Much like its Bavarian competitor, the Mercedes-Benz SLK didn’t end up being as popular as Mercedes had hoped. Partially, because of the steep pricing. In 2010, a brand new SLK would set you back at least $47,000. Luckily, the depreciation did its job well, and today the SLK is quite affordable at around $15,000.
Porsche Cayman: $25,000
One would think that Porsche’s legendary status would protect their cars from depreciation. Sadly, that’s not the case with their mid-engined Cayman. In 2008, a 295-hp Cayman S started at around $60,000. Nowadays, it’s worth around $25,000. Great news for those who are shopping for a used one, but sure to make the original owners bite their nails.
BMW Z4: $6,000
BMW’s Z line of roadsters has never as popular and iconic as some of their other cars. Thanks to that, most of them have lost most of their original value. Consider the 2007 Z4: its base price was around $42,000, yet somehow, it managed to lose as much $36,000 in value on its way to the present day. Meaning, you can snatch one of these up for as little as $6,000.
Audi S5: $10,000
13 years after its first release, the Audi A5 is still a beautiful, elegant car. The S5 version also adds serious performance to this beauty. With a 4.2-liter V8 in the coupé or a 3.0-liter turbocharged V6 in the convertible, it’s no slouch. The same applies to its depreciation. For the 2010 model year, the MSRP was around $50,000. Today, you can easily find one for around 10 grand.
Jaguar F-Type: $30,000
A more modern, powerful and stylish replacement for the XK, the Jaguar F-Type was supposed to right its predecessor’s wrongs. It succeeded with most of them – except for the depreciation. In case you missed out on getting a new one in 2014 for $70,000, you can easily get one today for 30 thousand dollars.
Dodge Viper: $35,000
More than 20 years after its original release, the Dodge Viper doesn’t cease to amaze. Throughout its production run, it was fitted with the unique V10 engine, ranging from 8.0 to 8.4 liters of displacement and putting out 400 to 645 hp. It was a mighty, brutal car – and the pricing reflected it. In 2005, for example, it started at almost $82,000 – a crazy number for an American car. Most of its value didn’t stick around to this day, however, and now you can pick one up for around $35,000.
BMW M5: $30,000
The BMW M5 is one of the most iconic sports sedans ever. The brilliance of this car is that it’s able to combine breakneck performance with outstanding comfort and luxury. Retaining its value, however, is not one of its strengths. You can buy a decent 2013 for around $30,000 now. And that’s quite a bargain compared to its original price of around $90,000.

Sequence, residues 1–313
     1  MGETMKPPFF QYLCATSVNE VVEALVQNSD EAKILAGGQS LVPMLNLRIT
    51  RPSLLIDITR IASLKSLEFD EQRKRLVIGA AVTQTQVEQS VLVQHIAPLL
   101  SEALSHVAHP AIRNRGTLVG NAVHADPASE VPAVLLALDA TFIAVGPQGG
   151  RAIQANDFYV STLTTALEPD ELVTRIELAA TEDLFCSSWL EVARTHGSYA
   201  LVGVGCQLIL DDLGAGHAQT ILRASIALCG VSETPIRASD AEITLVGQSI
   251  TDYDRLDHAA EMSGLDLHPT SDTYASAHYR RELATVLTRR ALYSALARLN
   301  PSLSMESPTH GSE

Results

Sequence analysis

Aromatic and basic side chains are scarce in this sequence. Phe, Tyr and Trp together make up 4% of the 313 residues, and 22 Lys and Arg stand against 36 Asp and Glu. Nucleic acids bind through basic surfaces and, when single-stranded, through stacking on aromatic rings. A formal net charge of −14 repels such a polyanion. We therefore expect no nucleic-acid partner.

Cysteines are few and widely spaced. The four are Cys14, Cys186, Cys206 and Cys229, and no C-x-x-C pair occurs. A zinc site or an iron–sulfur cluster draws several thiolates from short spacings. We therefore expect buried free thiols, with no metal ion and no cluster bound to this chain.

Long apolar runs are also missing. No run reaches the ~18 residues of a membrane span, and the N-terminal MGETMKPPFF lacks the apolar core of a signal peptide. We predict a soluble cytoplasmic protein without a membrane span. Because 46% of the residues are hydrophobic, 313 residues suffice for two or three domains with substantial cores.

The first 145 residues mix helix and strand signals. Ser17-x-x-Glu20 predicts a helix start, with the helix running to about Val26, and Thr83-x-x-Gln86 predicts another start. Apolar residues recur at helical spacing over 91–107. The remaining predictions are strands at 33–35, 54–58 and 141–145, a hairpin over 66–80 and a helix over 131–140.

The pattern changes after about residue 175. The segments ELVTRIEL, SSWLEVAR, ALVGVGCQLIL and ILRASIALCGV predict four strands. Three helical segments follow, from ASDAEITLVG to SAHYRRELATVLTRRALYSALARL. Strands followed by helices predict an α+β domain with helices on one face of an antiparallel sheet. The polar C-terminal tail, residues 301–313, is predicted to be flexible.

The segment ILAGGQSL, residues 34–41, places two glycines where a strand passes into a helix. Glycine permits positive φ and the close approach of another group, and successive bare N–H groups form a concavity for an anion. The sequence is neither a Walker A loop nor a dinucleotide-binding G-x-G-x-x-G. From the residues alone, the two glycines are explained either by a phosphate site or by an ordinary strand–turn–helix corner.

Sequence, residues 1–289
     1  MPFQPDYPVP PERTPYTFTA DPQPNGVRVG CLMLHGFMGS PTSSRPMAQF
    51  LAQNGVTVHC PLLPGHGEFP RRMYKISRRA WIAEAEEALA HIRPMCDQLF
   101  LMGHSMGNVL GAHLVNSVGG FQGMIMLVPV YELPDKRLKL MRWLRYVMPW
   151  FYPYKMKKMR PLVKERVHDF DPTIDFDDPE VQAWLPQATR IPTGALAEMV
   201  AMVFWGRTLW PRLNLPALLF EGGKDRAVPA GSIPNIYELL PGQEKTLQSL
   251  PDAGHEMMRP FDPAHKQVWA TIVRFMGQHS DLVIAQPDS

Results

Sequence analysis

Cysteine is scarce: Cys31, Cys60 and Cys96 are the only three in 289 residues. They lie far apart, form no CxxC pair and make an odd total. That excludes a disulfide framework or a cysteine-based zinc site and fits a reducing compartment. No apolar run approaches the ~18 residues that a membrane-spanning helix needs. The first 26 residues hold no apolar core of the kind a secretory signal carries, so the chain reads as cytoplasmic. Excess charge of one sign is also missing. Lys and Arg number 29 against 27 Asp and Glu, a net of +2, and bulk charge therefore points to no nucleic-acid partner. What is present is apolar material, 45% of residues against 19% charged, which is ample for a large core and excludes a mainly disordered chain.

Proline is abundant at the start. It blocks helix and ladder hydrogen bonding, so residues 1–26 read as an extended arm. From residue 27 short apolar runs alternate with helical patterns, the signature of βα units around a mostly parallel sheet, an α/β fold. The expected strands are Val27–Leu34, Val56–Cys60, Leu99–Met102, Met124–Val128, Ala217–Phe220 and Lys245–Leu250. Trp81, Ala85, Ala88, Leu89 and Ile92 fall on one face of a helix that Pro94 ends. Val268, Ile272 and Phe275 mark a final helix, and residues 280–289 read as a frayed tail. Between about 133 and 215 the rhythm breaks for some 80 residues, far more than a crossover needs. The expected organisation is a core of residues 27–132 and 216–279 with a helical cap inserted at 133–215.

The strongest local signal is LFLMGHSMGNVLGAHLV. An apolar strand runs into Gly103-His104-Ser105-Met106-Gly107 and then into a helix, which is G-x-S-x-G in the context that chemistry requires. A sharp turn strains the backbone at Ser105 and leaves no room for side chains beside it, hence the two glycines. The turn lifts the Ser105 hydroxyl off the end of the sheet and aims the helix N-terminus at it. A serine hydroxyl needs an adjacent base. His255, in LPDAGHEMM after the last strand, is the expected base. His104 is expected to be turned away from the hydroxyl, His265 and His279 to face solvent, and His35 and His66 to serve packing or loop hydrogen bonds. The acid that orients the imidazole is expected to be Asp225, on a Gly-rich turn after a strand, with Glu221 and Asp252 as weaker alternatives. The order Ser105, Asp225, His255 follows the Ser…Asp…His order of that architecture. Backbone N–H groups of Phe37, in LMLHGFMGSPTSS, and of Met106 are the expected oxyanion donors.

BMW 6-Series: $8,000
The BMW 6-series is a truly beautiful car – it’s a large, luxury coupé after all. But beauty doesn’t have to come at a steep price. Even though the 6 series started at around $70,000 back in 2005, we managed to find a pretty decent-looking one on sale for only $8,000! In other words, you can buy one for each day of the week for the original price.
Jaguar XK: $20,000
Even when it was sold new in 2011, the XK was one of the last old school Jaguars on the market. The big ol’ V8, poorly-built interior and the exhaust sound of an angry apex predator – what’s not to love? Perhaps, only the way it’s lost its value. The original MSRP for one of these cats was around $83,000 back in the day. Today, the dealers can barely move them for $20,000!
Aston Martin V8 Vantage: $35,000
Aston Martin is an embodiment of class and handcrafted British performance. And as you may expect, handcrafted British performance doesn’t come cheap. Even though the V8 Vantage was Aston’s entry-level model when it first came out, the price tag was still north of $110,000 before options. Today, there is plenty of V8 Vantages on the used market selling for around $35,000 – a third of their original price.
Mercedes-Benz SL-Class: $11,000
The SL has somewhat of a bad rep here in the US, as a car favored by retired old men in Florida. Still, it’s one of the most special and opulent Mercedes models you can buy. This stunning roadster has remained on the market for around 20 years now with upgrades. Perhaps, that’s the reason why you can buy a used one quite cheaply. We’re talking $11,000 for a 2008 model that sold for more than $100,000 when it was new!
Maserati GranTurismo: $26,000
Forget all about the previous cars on this list: we’re entering the hardcore depreciation territory, also known as Maserati. It’s really a shame how much value these wonderful cars lose. On paper, it’s a true statement of a car: famed brand, a screaming 4.7-liter V8 courtesy of Ferrari, handcrafted interior. Perhaps it’s the poor reliability that’s to blame for this coupé’s depreciation. Either way, it’s normal for the GranTurismo to lose over $100,000 in value over 10 years.
Maserati Quattroporte: $12,000
The GranTurismo might have been bad at keeping its value over the years, but the Quattroporte sedan is even worse! In 2010, one of these opulent, sporty cruisers could cost you as much as $140,000! Since then, most of them lost more than 90% of their original value and can be bought for as little as $12,000. Then again, it doesn’t mean that they should be bought.
Bentley Continental GT: $30,000
A used Bentley Continental GT is, by far, the best way to look filthy rich for not too much money. We can thank the gods of depreciation for that. In 2005, when the Continental GT was still a hot new ultra-luxury car, the sticker price for one was an eye-watering $160,000. Since then, however, the Conti GT has become a rather common, mass-produced car. If you’re brave enough, you can even get one for around $30,000.